Examples of Class Reunion Invites

by Asha Kalyani, Demand Media

    Whether you were popular in high school or had only a small group of friends, you might dread your class reunion. Maybe you're not as fit as you'd like to be, or perhaps you have a little less hair than you did in decades past. For these reasons and others, it's estimated that just 20-30 percent of people attend their class reunions. If you are planning a class reunion, putting together an invitation that sets the mood for a great party can encourage even the most reluctant would-be guests to R.S.V.P.

    Themed Invitations

    Make sure your invitation showcases the theme of your event, whether it be a barbecue, golf competition or elegant dinner. For an informal reunion, use colorful card stock or one with a fun, decorative theme along the edge of the paper. Make sure to highlight what guests can expect on the invitation as well as all the standard wording, including time and date. If you're planning a formal event, send out classier invitations, perhaps on ivory card stock with a ribbon of your class colors tied through a hole in the top.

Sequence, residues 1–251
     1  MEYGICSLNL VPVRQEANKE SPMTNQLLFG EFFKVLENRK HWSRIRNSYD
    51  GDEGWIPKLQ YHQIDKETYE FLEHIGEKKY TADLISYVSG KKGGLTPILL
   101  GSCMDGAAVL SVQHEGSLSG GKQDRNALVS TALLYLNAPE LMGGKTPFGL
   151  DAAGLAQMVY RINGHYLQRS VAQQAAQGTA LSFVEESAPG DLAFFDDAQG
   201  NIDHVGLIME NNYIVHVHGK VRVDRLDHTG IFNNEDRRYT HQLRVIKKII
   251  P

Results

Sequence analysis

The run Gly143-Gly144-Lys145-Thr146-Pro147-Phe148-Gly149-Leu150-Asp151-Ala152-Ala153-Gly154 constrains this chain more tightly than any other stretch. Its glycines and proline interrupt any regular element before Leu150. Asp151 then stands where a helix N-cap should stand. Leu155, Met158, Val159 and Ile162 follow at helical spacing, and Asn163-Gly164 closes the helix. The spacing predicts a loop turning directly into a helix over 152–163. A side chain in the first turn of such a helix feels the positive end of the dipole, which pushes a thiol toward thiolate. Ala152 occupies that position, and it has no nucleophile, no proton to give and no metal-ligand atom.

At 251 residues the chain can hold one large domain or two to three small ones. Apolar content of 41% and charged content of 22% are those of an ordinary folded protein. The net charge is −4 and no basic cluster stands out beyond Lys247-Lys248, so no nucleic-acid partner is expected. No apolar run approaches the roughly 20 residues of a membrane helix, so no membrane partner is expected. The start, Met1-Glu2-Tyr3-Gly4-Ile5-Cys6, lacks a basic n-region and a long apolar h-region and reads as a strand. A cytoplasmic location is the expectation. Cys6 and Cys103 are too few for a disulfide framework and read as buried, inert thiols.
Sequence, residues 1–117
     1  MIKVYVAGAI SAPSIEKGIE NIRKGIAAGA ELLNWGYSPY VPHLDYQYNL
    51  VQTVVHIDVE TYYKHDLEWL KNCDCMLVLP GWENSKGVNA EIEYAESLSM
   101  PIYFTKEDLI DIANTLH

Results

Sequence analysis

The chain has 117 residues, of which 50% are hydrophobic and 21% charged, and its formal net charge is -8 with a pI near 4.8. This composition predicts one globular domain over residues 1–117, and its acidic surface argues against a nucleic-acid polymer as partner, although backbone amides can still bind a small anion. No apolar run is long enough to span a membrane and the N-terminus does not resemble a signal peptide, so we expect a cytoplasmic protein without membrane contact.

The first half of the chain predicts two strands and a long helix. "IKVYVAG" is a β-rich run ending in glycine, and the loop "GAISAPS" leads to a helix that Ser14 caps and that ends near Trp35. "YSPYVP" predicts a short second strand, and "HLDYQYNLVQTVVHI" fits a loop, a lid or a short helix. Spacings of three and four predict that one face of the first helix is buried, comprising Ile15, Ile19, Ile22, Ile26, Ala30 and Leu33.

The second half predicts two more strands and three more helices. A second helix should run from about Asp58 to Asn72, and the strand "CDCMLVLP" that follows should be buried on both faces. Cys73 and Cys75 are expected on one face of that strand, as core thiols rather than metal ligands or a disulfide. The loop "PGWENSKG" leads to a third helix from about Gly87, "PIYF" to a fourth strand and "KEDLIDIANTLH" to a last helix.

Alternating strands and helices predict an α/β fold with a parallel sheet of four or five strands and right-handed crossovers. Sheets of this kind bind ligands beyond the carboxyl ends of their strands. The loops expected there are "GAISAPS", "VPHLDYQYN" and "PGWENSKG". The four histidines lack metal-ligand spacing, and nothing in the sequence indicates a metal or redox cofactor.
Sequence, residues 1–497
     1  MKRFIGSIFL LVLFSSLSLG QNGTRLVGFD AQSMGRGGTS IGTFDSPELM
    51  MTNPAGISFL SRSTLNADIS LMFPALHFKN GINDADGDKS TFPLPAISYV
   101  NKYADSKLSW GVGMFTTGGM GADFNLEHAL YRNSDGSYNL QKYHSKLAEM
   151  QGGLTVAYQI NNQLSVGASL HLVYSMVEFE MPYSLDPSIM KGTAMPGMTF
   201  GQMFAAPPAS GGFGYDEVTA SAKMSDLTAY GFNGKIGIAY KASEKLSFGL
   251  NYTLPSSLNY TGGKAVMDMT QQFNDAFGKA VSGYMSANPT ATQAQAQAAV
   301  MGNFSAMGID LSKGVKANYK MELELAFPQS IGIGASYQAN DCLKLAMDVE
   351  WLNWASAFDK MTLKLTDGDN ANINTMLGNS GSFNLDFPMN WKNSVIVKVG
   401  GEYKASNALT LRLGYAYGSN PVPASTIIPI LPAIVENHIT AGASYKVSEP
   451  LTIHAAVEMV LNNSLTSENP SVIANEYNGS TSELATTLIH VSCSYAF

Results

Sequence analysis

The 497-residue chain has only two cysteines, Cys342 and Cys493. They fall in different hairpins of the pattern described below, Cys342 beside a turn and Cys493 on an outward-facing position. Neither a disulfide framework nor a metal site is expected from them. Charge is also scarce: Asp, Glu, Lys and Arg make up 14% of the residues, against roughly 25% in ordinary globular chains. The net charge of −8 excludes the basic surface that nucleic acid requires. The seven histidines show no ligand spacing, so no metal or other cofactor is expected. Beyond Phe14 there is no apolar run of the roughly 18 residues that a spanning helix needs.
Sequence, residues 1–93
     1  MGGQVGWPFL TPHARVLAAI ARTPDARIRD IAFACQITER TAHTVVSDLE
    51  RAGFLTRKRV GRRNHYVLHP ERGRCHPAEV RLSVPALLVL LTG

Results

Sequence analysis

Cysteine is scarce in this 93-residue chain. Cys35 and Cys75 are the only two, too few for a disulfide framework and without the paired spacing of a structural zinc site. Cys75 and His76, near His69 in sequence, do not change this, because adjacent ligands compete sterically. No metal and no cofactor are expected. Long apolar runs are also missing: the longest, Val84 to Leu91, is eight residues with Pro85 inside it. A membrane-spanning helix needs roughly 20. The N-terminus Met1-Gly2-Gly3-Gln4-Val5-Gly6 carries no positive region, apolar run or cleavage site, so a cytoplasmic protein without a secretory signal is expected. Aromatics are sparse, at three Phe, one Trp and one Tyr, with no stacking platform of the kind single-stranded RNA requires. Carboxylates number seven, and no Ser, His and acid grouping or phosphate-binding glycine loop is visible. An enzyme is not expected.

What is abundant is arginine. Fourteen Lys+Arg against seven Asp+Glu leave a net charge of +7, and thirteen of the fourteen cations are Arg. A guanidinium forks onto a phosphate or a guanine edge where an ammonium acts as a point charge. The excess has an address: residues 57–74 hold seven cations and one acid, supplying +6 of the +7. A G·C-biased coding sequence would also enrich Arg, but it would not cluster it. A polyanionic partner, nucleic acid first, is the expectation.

Photo Memories

    Nothing brings back memories better than a photo of the good old days, hopefully. Candid shots of friends or several photos of homecoming or sporting events can draw in classmates who are on the fence. Make sure to use wording in the invitation that calls to mind friendships and good times, such as "Let's make new memories" or "It's been too long."

    Save the Date

    Part of getting a good turnout for your reunion is giving people adequate time to plan. With this in mind, you may choose to send out "Save the Date" cards three to six months before you send out the invitations. The card should be simple and include the date and location where the reunion will take place.

    Poetic

    Consider writing a poem invitation to encourage your classmates to come out and reminisce together. You can include names of classmates, teachers and events that most of your classmates are likely to remember. Have fun but make sure to keep the poem good-natured to avoid offending anyone or hurting feelings.

    About the Author

    Asha Kalyani has more than seven years of experience writing about linguistics, language learning and many other educational and cultural topics. She received a Master of Arts in applied linguistics and enjoys teaching and interacting with people of all language and cultural backgrounds.

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